“I’m not going to take money from our existing services, because they are effective. A SCR costs an arm and a leg so we need to look at alternative sources, NHS funding, funding via government, police… I know in the West Midlands money from the proceeds of crime helps them deliver their drugs strategy. It has to be a collective effort.”
Currently the Home Office remains opposed, but drug policy experts have suggested local authorities would have the power to open them if there was agreement with police and other stakeholders.
At the event on Thursday, CEO of Bristol Drugs Project (BDP) Maggie Telfer repeated her support for the idea of an SCR. She described it as a “pragmatic, humane response to the reality for some of the most marginalised and stigmatised groups”, adding “there are different models around the world and they don’t have to be really expensive but a fit for our city that can integrate into what already exists.”
Evidence shows SCRs save money in the long run, and Bristol City Council estimated that in 2015 it cost to more than £1 million to treat drug users at the Bristol Royal Infirmary (BRI), but after public health budgets have been cut over the last decade, funding remains a hurdle.
The feasibility study estimated it would cost up to £1 million a year to set up and run a large SCR if Bristol were to follow the Glasgow model, but less funding would be enough to offer safe consumption booths within current drug treatment services, and a mobile unit could cost as little as £250,000. Powell says that drugs charity Kaleidoscope Wales estimated only £50-60,000 a year would be needed to run a pilot SCR with two to three booths.
Bristol’s draft multi-agency Drugs and Alcohol Strategy is expected to be published for public consultation in June or July 2020 – a chance for the city to build on its strong track record of leading the way in progressive drug policy.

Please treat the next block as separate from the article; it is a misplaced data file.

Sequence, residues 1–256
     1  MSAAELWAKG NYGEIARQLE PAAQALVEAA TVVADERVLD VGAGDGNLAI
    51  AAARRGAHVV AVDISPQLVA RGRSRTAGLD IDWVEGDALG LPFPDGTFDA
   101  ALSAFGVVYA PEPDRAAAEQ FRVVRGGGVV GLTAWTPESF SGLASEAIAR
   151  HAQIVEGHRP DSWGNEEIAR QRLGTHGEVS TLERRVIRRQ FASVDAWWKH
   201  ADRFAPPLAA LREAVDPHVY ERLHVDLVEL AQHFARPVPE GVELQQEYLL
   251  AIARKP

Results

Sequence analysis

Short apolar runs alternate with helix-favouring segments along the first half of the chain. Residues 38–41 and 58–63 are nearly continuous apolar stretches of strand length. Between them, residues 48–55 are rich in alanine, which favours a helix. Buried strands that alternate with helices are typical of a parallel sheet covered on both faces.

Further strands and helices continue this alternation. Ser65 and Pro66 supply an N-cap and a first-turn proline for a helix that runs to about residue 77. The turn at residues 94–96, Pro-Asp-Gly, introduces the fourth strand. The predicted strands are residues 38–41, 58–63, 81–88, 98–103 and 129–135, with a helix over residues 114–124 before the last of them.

Green Party councillor Cleo Lake, who has called for SCRs in the past, told the Cable: “The shift in tone from the administration is encouraging – we’ve been calling for action like this for years. Hopefully it makes it into the drugs policy next summer and we don’t see these proposals quietly shelved like the feasibility study the council produced a couple years ago. Making this a reality, especially in terms of cost, will require a lot of collaboration and long term commitment.
Whether pilots for a SCR or HAT are included or not in the new strategy, the council has set out the ambition of reversing the rising levels of drug-related deaths by 2024, with targets for bigger reductions in future years.
‘A growing interest’
Martin Powell said he was “optimistic” about SCRs being set up in the UK. He told the Cable: “I’m aware of people reaching the point where they’re going to go ahead and do it whether the government says no or not, because that’s what happened in a lot of countries.
“There’s a growing interest among the police and others to talk to the CPS about whether it’s in the public interest to prosecute someone if they open an SCR. We would be hoping where there would be areas where police, treatment and health would talk to the CPS locally to come up with a memorandum of understanding to allow a pilot to go ahead.”
“It won’t be much longer before they do start to explore those other options, where drug deaths are out of control in an area and the police force’s first duty to protect the public.”
“I’m optimistic that Glasgow will get the go ahead for a pilot which at that point other places in the country could start preparing the ground to do something themselves. All the government needs to do is give clear direction that police shouldn’t prosecute, which has happened with other harm reduction measures in the past.”
Powell says early signs are that the new government is more open to allowing SCRs. Last week, it announced a UK-wide drugs summit would be held in Glasgow in February to discuss ways to tackle problematic drug use.
Many supporters of SCRs are looking to Glasgow for progress to be made, but by the summer we will know if Bristol City Council is going to join others in fully backing the idea and working on a business case.